tion hearings before a lawsuit was filed
calling for open hearings in his case.
Several Detroit newspapers, the Michi-
gan chapter of the American Civil Liber-
ties Union and U.S. Rep. John Conyers
(D-Detroit) sued the federal government
at the end of January.
"We decided since we couldn't get in
we needed to seek a remedy for that,"
Free Press Managing Editor Carole
Leigh Hutton said in January. "The jus-
tice system in this country was created
to be open."

The government defended keeping the
hearings closed based on a 19th century
U.S. Supreme Court ruling that gave the
government power to expel immigrants
if the government felt they were "danger-
ous to its peace and security."
Last September, Chief Immigration
Judge Michael Creppy sent a letter to all
immigration judges calling for closure
of immigration hearings that were of
special interest and could threaten
national security.
But ACLU Legal Director Michael
Steinberg said the government does not
have power over the actual hearings
"If Congress decides to limit immi-
gration from a certain country, there is
very little judges can do," Steinberg
said. "In this case, we are not talking
about a substantive immigration law. We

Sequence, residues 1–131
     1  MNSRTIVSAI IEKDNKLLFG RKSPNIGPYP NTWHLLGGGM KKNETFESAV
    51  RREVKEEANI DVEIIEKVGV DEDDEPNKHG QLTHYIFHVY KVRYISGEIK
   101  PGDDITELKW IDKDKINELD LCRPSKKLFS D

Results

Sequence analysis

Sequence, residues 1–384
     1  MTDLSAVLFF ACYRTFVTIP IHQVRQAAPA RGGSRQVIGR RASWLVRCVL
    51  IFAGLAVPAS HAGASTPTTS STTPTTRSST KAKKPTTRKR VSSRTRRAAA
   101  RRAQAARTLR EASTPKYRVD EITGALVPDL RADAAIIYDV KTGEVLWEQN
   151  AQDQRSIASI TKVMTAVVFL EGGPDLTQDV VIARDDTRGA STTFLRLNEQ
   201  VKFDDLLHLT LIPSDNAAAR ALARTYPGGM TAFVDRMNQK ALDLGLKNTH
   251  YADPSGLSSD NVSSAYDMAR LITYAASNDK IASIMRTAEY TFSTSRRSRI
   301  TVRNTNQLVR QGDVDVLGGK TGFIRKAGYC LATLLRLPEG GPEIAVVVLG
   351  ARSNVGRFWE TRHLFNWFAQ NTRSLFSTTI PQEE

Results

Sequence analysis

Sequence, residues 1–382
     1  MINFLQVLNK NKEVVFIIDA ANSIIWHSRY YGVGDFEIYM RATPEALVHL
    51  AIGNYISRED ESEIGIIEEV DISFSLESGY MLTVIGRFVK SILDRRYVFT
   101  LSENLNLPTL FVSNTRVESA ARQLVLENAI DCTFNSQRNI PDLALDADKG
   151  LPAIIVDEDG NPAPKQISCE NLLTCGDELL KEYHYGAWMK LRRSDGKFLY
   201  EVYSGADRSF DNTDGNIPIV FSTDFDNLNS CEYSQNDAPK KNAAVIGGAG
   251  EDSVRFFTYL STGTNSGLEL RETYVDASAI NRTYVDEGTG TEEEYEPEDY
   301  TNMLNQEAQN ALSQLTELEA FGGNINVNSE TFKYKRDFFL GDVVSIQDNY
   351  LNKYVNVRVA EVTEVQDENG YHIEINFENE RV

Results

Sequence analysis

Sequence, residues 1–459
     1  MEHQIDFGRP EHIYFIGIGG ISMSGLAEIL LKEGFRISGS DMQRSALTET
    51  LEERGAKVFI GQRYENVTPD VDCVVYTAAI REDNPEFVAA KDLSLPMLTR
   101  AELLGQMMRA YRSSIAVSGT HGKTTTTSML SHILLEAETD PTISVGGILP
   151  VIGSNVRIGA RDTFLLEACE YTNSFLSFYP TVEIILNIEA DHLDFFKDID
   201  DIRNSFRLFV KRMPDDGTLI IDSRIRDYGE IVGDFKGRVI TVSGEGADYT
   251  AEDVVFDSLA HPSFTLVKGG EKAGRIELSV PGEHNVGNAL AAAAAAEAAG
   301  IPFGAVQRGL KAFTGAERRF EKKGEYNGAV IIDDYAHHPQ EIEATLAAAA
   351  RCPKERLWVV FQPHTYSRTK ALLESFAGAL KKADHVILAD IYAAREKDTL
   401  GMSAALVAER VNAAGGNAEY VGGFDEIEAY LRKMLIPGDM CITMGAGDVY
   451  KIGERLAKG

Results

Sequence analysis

are talking about whether hearings shall
be open."
The three judges who presided over
the case sided with the plaintiffs saying
the government does not have control
over court procedure, like closing hear-
ings to the media.
"... The Supreme Court has repeatedly
allowed for meaningful judicial review
of non-substantive immigration laws
where constitutional rights are involved,"

the decision stated. The government is
undecided about whether they would
appeal the decision, Justice Department
spokeswoman Barbara Comstock said
last week. "The Justice Department dis-
agrees with the Court's conclusion that
the department's guidelines for deter-
mining which proceedings should be
closed are too broad," Comstock said.
"The Justice Department has an obliga-
tion to exercise all available options to
disrupt and prevent terrorism within the
bounds of the Constitution and will
review today's opinion in light of our
duty to protect the American people."
Haddad, whose Global Relief Foun-
dation charity is under investigation, has
been in the custody of the Immigration
and Naturalization Service since his
arrest. In May, it was discovered that
Nabil Sayadi, European director of
Global Relief, was once acquainted with
a personal aide to Osama bin Laden.
Despite alleged ties between bin
Laden and Global Relief, Muslim Stu-
dent Association Vice President Omar
Khalil, an Engineering junior, said many
in the Muslim community still believe
Haddad is innocent.
Haddad was transferred back to the
Monroe County Jail in June so he could
be closer to his family.

John Zvonek, Roland Gardner and T. J. Waldofsky of the Student
Organization Resource Center hang billboards throughout
campus yesterday.

Construction work still


Child left in car classes b
on Monroe Street-underway as aegin
with mother away y Jefr "M"iSt a' f

:.. :: ::;